Archive for March, 2016

Why You Need to Hold on to a Bit of Optimism

As I write this, Squiders, it’s snowing outside. Not just a little snow, but big, heavy flakes, drifting down in a rather determined fashion. It snowed yesterday as well.

Here in Colorado there seems to be a point where we just kind of mentally give up on winter. There’s no clear seasonal delineation, so it can be 70 degrees one day in the middle of November or February or March, and then blizzard the next day and drop two feet of snow (as it did last week). So everybody eventually gets to a point of It’s Not Winter Anymore and sticks to it.

This is often why you’ll see pictures of Coloradoans wearing shorts or no coat in the middle of snowstorm. Winter is mentally over for those people, and evidence to the contrary shall not sway them.

The thing to take away from this is not that Coloradoans are insane (though, admittedly, we probably are–lack of oxygen and all), but that sometimes it’s okay to keep a little bit of optimism even when everything tells you to give up.

I feel as writers this can be especially useful. So many of us get into these ruts where we expect rejection. I’m not saying that’s not realistic, but it can be depressing. If we get too far into said rut, we may fall into a “why bother?” mentality, where we figure it’s not worth it to send that story out again, or move on to the next agent on our list.

Holding on to a bit of optimism can help us send that story again, knowing that maybe this time we’ll find that agent/editor/publisher who’s willing to give us a try. It can be what we need to move on to the next project.

Sometimes I think that’s all that really separates people who make it versus those who don’t–persistence.

What do you think, Squiders? Have any stories where holding on to that little bit of hope paid off?

As for me, I’m going to go back out into the snowstorm with my windbreaker and nothing else, because dangit, it’s spring.

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Thoughts on Worldbuilding

Afternoon, Squiders. Not much has happened since we last spoke, which I find frustrating, but I have finished editing my short stories and have sent the whole lot out on rotation (which I haven’t done in a while). So here’s a whole new element that I have learned about co-writing, because while I have cowritten novels before, I have never had one published before.

Anyway. I’m running my writing group’s storycraft meeting tonight on worldbuilding, which I’ve made an outline and discussion questions for, but I find myself very curious as to how the meeting’s going to go.

My initial thought was that worldbuilding was a specific enough topic that we could get through it in a meeting, but broad enough that it would carry us the whole time without worry. But I’ve been reminded again just how massive the concept of worldbuilding is.

It’s probably because, despite my best efforts, my own worldbuilding is a bit hodge podge. I always think I have enough in place before I start, and I always discover things I have forgotten, usually by the second page or so. You might remember back to Nano 2014 when I had plotted out my space travel technology and the schematics of the ship, planned out my universe and my culture and my history, but hadn’t figured out whether or not the doors of the spaceship opened automatically.

Wikipedia says people tend toward top down worldbuilding (entire world, history, etc.) or bottom up worldbuilding (things only specific to locale of story). Both have their downsides and of course, you should probably do both or a combination. I would say that I generally trend toward the top down but not always. I wonder if it’s obvious from my stories which type of worldbuilding I did for that particular story.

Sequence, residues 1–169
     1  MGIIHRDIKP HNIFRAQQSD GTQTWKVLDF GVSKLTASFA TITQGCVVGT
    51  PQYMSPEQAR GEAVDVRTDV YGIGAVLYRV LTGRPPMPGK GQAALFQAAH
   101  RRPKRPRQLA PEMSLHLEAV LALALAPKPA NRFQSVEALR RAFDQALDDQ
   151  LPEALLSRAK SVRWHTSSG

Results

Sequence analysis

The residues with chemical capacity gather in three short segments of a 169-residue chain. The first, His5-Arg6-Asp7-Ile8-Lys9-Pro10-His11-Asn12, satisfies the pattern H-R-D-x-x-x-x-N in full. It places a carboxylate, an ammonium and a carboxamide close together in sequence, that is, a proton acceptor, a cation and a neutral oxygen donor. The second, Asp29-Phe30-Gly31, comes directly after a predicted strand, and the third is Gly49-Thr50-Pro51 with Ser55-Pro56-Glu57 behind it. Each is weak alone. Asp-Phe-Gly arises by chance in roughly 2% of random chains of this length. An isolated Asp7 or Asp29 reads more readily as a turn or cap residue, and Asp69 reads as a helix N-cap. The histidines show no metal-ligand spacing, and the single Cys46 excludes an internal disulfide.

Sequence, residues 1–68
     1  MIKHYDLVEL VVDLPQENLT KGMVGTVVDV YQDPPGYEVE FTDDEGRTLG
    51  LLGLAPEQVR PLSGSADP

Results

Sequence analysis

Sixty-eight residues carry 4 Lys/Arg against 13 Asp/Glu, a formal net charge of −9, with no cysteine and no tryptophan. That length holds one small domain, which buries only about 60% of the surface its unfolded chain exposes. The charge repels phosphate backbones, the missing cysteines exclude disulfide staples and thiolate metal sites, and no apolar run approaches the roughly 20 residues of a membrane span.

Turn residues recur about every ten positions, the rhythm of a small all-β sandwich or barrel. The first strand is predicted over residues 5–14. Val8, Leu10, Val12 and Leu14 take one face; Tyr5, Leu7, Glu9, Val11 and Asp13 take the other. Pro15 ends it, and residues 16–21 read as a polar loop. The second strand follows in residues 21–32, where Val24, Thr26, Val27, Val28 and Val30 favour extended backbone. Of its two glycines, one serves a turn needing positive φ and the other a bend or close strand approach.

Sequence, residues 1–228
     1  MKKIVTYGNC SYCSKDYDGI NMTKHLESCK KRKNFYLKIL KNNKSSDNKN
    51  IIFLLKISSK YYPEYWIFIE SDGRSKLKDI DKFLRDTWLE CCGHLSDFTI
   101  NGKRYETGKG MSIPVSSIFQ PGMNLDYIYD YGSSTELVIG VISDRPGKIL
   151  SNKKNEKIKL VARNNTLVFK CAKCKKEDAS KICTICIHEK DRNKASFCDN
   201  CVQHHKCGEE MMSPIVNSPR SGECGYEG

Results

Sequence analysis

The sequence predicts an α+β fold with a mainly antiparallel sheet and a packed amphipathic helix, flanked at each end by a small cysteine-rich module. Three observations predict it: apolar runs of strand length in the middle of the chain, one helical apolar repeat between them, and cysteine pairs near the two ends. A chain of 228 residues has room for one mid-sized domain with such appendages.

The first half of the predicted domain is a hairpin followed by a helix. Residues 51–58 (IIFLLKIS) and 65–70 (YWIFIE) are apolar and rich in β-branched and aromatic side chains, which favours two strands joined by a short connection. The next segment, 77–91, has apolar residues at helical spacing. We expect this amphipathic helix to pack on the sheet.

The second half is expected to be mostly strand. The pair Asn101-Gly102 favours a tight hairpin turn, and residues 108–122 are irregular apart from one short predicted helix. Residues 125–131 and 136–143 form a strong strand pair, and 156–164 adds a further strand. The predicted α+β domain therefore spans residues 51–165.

I could probably do a storycraft meeting on each aspect of worldbuilding.

How does your worldbuilding tend to go, Squiders? What do you feel is the most important part of your worldbuilding, and what, if anything, do you find you tend to forget? (I am notoriously bad about economics in my worlds.) Readers, any worlds that you really love, that feel almost real?

Limbo and April

I find myself in kind of a weird place right now. The sekrit project still needs work–most of that marketing stuff we talked about last week, though the excerpt has gone out for approval and will go up at the beginning of the month–but there’s nothing I can actively do while I wait for my co-writer’s input on the book description and the cover.

So I’m in this sort of limbo. I feel like I can’t start up one of my other novel projects while the marketing stuff for the sekrit project is still outstanding, but I also feel like I should be doing something.

The best I can figure for the moment is that I’ll do some short stories. I have some written but not typed up, and other ones that need to be submitted. But, unfortunately, that’s probably only 2-3 hours of work, and then I’ll be stuck again, because it sounds like I’ll be getting nothing from my co-writer until Sunday (boo!).

I could…write a new short, I suppose? I’m delaying the release of my short story collection until the fall, even though it’s essentially done, because what’s the point of putting out two books within a month and then potentially nothing else for the rest of the year? (Although…now that I think about it, I think I’ve got an anthology coming out in the fall. Maybe release it late summer, then? Argh.)

I guess the next step would be to move on to my nonfiction books until the marketing for the sekrit project is done.

I mean, some of that will be ongoing, such as contacting potential reviewers or bloggers, but that’s not necessarily creative in any way.

For April I’d like to participate in Camp Nanowrimo. Camp is very hit or miss for me in terms of whether it’s useful or not, but I figure why not try? I’m behind on everything for the year, and it might help me get back on track. I’ve set a goal of 15K and will primarily be working on my scifi space adventure with dinosaurs (you may remember that from Nano 2014) which needs about 25K more on the first draft.